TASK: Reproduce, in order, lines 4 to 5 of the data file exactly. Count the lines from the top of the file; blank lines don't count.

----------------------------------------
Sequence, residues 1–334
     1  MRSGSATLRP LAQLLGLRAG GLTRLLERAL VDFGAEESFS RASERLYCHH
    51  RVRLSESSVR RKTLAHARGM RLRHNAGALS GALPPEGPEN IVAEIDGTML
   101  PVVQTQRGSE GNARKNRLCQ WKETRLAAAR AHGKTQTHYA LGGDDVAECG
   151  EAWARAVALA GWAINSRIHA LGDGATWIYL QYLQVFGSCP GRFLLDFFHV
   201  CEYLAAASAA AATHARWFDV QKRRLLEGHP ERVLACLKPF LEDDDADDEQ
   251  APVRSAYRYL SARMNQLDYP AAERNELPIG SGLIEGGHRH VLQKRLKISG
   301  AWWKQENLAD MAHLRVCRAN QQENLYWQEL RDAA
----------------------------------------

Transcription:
   101  PVVQTQRGSE GNARKNRLCQ WKETRLAAAR AHGKTQTHYA LGGDDVAECG
   151  EAWARAVALA GWAINSRIHA LGDGATWIYL QYLQVFGSCP GRFLLDFFHV